Manufacturing jobs evaporate
Minnesota's manufacturing employment fell by 4,800 jobs last year, according to the Minnesota Department of Employment and Economic Development (DEED).
Minnesota manufacturing jobs peaked in June of 1998 at 398,800, according to the DEED statistics. By February 2008, the sector's headcount had fallen to 340,700, down 14.6 percent from the 1998 peak.
And earlier this month, Minnesota's Business Conditions Index reported a drop in orders, production, inventories and employment, according to a survey by Creighton University.
Jobs yes, but for whom?
While acknowledging the statistics, DEED Commissioner Dan McElroy says there are manufacturing jobs out there. The state's free job bank shows employers with 18,000 to 23,000 jobs, of which 1,748 are in manufacturing, he said.
"The largest category is machinery manufacturing,'' McElroy said. "The second-largest is printing. Third is computer and electronics products, which includes medical devices. These are jobs out there that range in pay from $12 to $30 an hour.''
McElroy noted recent hires at the new Arctic Cat engine plant in St. Cloud, the Suzlon wind turbine plant and a Daktonics scoreboard facility.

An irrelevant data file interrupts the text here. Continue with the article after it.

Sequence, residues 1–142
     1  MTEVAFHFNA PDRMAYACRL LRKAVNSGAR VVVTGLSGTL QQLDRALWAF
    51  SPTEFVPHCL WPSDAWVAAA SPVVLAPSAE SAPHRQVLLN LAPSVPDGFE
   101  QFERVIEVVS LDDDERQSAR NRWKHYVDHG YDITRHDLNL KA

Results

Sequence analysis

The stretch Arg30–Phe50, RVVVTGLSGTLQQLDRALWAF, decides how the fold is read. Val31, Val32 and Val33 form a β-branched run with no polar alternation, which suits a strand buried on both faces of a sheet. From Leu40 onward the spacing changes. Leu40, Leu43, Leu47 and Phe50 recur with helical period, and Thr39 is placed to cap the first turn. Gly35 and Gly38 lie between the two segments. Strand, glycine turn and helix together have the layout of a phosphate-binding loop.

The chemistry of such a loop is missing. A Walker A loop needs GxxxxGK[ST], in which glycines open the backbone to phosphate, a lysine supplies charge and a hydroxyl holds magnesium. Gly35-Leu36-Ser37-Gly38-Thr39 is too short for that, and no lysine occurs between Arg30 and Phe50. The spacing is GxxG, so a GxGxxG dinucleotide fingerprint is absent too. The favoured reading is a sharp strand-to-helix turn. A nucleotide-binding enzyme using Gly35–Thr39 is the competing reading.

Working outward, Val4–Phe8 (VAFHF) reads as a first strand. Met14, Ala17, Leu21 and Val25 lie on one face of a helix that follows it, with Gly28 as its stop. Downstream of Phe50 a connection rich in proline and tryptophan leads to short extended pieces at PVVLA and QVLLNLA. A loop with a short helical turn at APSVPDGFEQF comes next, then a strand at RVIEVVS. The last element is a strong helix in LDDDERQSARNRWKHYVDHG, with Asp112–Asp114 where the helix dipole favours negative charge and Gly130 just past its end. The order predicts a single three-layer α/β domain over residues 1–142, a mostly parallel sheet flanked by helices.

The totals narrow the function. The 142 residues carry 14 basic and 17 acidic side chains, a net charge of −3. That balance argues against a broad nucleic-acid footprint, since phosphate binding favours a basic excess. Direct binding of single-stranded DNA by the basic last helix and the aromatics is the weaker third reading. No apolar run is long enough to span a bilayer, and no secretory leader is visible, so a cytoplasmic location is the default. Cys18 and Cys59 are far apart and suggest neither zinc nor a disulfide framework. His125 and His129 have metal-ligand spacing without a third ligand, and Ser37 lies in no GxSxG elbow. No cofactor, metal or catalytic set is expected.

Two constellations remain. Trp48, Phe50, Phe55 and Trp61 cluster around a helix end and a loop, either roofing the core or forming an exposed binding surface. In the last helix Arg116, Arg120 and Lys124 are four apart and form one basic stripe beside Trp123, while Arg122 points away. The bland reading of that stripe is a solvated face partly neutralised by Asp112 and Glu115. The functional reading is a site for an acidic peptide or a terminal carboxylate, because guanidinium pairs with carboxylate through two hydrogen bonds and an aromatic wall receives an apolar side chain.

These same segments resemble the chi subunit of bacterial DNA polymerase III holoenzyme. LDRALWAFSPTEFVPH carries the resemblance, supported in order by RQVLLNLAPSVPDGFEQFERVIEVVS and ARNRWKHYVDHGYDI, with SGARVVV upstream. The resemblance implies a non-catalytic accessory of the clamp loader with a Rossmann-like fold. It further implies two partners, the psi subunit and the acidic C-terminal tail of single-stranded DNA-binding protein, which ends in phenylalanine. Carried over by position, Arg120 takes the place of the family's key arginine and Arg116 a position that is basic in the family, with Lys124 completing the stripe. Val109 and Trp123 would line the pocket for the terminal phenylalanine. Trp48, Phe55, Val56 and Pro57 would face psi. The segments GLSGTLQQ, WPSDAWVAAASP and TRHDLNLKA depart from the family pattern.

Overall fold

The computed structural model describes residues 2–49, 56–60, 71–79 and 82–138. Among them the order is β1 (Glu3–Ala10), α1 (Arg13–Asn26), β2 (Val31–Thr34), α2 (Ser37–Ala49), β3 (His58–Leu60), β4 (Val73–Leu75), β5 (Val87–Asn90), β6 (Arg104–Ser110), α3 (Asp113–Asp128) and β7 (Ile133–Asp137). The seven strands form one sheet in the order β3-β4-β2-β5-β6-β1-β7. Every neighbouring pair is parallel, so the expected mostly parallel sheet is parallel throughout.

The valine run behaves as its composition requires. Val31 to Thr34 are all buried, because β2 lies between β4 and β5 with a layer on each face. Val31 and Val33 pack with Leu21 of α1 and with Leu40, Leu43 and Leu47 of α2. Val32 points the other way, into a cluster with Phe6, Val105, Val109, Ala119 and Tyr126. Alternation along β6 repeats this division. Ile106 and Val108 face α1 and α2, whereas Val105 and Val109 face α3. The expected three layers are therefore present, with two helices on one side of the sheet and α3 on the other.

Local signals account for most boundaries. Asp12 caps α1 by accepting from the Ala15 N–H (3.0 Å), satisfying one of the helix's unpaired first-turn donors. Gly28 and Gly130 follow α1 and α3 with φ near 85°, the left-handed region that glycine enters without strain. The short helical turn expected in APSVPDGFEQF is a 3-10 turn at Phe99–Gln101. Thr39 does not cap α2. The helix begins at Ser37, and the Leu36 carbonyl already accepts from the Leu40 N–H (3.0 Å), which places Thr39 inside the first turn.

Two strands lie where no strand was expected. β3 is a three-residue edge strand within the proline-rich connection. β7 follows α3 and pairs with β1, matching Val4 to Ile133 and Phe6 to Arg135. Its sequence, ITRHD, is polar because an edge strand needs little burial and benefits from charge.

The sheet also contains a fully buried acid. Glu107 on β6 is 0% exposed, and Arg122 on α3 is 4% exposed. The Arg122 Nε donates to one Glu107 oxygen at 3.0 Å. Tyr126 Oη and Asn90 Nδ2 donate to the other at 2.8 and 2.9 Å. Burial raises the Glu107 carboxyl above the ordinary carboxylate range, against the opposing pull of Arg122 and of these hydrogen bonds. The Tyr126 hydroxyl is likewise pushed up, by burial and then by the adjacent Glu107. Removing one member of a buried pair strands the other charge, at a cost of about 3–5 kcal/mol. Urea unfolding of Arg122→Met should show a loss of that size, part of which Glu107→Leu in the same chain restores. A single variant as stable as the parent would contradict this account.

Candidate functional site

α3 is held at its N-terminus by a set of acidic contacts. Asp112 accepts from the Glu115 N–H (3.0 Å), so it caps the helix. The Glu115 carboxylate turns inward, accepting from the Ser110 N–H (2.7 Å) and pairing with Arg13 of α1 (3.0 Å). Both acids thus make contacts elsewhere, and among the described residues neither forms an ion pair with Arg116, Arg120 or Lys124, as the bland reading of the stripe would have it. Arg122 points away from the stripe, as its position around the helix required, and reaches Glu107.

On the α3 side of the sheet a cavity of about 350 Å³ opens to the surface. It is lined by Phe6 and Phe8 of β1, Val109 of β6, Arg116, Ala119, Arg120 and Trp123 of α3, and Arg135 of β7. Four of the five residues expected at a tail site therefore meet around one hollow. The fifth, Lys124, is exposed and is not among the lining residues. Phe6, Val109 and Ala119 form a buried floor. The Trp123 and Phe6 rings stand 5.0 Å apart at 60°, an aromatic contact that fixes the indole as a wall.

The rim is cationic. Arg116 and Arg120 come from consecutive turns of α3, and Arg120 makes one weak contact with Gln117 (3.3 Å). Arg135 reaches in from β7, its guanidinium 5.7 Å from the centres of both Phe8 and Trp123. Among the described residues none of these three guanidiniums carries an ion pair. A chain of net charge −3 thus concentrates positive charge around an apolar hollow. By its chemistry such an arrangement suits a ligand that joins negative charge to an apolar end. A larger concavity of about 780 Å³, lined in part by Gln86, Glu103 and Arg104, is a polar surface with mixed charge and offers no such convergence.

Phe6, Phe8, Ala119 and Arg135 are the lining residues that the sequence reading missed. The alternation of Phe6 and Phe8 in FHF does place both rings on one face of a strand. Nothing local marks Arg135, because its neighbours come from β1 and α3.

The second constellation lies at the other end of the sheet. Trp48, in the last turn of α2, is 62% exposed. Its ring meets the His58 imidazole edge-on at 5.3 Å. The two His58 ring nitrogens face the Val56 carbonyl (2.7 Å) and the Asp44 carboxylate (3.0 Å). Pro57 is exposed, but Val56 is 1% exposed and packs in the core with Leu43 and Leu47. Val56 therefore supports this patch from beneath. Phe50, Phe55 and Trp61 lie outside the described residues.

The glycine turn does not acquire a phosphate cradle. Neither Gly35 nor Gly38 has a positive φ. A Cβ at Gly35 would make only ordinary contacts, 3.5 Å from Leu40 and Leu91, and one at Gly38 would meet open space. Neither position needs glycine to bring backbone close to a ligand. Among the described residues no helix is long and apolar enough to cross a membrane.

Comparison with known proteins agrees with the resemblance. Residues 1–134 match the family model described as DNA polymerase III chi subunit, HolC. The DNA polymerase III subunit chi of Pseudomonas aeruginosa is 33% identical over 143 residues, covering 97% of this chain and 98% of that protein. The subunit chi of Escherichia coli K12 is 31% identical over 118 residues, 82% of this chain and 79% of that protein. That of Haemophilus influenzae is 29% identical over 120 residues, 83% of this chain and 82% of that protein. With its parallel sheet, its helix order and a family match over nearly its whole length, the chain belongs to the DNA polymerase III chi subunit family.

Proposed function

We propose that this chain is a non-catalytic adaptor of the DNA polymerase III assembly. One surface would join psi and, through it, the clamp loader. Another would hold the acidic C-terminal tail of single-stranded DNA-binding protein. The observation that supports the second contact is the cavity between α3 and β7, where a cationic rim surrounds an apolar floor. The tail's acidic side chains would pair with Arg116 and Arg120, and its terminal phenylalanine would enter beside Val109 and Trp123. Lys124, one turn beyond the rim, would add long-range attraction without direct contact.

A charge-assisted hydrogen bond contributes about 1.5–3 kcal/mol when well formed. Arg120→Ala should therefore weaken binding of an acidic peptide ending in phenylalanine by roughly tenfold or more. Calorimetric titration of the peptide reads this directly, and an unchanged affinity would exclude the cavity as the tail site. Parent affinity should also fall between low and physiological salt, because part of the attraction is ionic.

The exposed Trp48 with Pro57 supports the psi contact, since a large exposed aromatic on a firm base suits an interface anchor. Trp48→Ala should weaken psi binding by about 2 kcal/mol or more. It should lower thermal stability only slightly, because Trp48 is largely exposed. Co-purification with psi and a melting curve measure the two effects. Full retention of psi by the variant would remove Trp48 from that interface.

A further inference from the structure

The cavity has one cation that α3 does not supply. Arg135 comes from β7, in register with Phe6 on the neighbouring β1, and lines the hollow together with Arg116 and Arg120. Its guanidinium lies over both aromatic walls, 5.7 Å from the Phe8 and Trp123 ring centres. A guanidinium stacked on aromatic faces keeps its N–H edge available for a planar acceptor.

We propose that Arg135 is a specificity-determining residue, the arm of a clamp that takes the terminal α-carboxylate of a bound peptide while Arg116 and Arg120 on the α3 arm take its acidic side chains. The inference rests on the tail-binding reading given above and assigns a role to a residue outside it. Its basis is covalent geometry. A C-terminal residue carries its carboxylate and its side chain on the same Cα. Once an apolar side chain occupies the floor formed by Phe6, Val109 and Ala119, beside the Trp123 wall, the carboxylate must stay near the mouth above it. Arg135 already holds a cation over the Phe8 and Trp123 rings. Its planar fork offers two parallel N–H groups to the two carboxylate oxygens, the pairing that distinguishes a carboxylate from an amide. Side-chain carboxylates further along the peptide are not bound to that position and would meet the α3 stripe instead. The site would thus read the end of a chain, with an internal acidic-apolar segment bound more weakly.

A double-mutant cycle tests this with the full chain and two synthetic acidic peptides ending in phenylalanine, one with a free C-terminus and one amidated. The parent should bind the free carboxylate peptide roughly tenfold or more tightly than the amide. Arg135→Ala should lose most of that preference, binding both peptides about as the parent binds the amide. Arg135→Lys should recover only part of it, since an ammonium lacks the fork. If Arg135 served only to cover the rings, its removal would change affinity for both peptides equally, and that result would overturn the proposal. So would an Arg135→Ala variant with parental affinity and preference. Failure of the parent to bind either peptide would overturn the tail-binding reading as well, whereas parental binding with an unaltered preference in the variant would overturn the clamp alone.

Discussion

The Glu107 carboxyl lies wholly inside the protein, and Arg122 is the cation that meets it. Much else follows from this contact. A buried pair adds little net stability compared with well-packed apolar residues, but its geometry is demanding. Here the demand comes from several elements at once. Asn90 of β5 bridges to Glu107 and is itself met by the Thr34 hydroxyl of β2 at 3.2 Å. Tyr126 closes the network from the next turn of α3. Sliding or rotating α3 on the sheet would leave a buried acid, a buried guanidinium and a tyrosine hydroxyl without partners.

Smaller firms are hiring
"Many of the companies hiring today tend to be smaller than the Imations, 3M's and Ford," McElroy said. "But they are, in many cases, really good jobs."
That was apparent at the recent Eagan job fair, which had 89 exhibitors such as Home Depot, CVS stores, banks, senior care centers, Schwan's Home food delivery, FedEx, insurance and health care companies.
Only a sprinkling of distributors and manufacturers searched for workers, however. Recruiters from furniture maker Waymar Industries, water filtration experts from Dow Chemical's FilmTec division and headhunters from Sysco Food Services, StaffLogix in Eagan and ResourceMFG in Burnsville said they expected to snag a few promising résumés during the day.